Can Yedlin and Chandler Solve Arena’s Fullback Dilemma?
Can Yedlin and Chandler Solve Arena’s Fullback Dilemma? avatar

With a pair of crucial World Cup Qualifiers rapidly approaching against Honduras and Panama next month Bruce Arena has decisions to make, notably at fullback, a position the U.S. MNT coach has labeled a position of need.

The Graham Zusi fullback experiment that played out over the recent U.S. MNT camp and in a pair of friendlies versus Serbia and Jamaica, along with veteran DaMarcus Beasley’s international recall underline Arena’s concerns.

Fabian Johnson is a versatile player. (ISI Photos/Bill Barrett)

Fabian Johnson is a versatile player. (ISI Photos/Bill Barrett)

Most of the coach’s worries have been focused on the left side of the defense, with Greg Garza and Jorge Villafana recent additions to the pool in addition to Beasley. Of course, Arena always has the option of turning to Fabian Johnson, although the Borussia Monchengladbach handyman prefers to operate further up the field.

But if the left side of the defense is causing Arena some sleepless nights the reinstated national team boss can rest easy in the knowledge that he has two viable candidates to man the right flank in DeAndre Yedlin and Timothy Chandler (suspended for the Honduras match).

In fact, the pair may hold the solution to Arena’s dilemma on both wings. Let’s take a look.

German-American Chandler is having the best season of his Bundesliga career and having replaced Yedlin as a starter in the waning days of the Jurgen Klinsmann era the Bundesliga man might be considered to be in the pole position. The since deposed national team supremo went so far as to cast aspersions on Yedlin’s decision to move down from the Premier League to Newcastle in the second flight of English soccer, perplexing given the competitive nature of the English Championship.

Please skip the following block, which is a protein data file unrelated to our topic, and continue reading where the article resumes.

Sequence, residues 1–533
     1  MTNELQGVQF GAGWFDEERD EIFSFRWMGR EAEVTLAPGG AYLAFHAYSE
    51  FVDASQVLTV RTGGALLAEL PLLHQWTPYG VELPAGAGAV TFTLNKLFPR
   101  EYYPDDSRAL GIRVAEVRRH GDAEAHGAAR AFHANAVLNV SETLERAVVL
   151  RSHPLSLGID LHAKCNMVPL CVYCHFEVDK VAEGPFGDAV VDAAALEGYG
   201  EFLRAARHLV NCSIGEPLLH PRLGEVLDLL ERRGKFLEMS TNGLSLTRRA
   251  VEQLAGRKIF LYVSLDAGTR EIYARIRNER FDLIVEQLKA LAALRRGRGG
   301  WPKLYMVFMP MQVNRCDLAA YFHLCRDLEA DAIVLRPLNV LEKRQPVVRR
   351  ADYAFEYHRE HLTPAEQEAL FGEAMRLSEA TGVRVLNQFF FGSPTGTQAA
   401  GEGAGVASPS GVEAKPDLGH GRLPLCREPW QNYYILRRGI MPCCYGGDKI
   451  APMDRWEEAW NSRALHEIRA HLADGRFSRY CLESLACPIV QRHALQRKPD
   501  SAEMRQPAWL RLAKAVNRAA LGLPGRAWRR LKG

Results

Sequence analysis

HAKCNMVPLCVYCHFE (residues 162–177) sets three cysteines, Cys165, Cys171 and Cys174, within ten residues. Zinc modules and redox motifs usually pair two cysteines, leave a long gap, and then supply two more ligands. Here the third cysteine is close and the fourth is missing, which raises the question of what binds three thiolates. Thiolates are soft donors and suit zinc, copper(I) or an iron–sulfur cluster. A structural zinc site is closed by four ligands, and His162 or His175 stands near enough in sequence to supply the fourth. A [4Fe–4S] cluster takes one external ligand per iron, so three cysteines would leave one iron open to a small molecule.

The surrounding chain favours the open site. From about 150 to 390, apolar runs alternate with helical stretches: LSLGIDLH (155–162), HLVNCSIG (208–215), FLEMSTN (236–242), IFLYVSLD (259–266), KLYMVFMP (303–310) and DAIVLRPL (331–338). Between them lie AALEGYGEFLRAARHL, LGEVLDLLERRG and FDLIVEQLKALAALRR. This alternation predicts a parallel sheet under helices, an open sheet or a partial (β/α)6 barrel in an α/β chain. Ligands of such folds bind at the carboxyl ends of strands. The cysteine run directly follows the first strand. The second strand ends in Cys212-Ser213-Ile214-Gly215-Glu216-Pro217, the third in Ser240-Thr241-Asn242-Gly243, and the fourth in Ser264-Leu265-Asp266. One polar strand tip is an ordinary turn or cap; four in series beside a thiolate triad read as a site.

The knock on Chandler has always been that his performances for the U.S. MNT have never matched his Bundesliga output, leading some to question Chandler’s desire to play for his father’s nation.

U.S. goalkeeper Tim Howard recently caused a firestorm when told ESPN that “he (Arena) will bring an atmosphere where wearing the U.S. shirt will matter again. It will mean everything. And that’s always been our foundation. No matter how good you think we’ve gotten at football, our foundation has always been our hard work, our willingness to go down to places and put in a shift. I think we got away from that a little bit.”

And Howard wasn’t done, telling USA Today, “having American roots doesn’t mean you are passionate about playing for that country.” The U.S. MNT hero of Brazil added this capper, “I know there were players that came in that it didn’t matter as much too.”

Howard later walked back his remarks, praising the passion that Jermaine Jones brings while attempting to make the case that he was not singling out the foreign born players.

Chandler in action against Costa Rica. (ISI Photos/John Dorton)

Chandler in action against Costa Rica. (ISI Photos/John Dorton)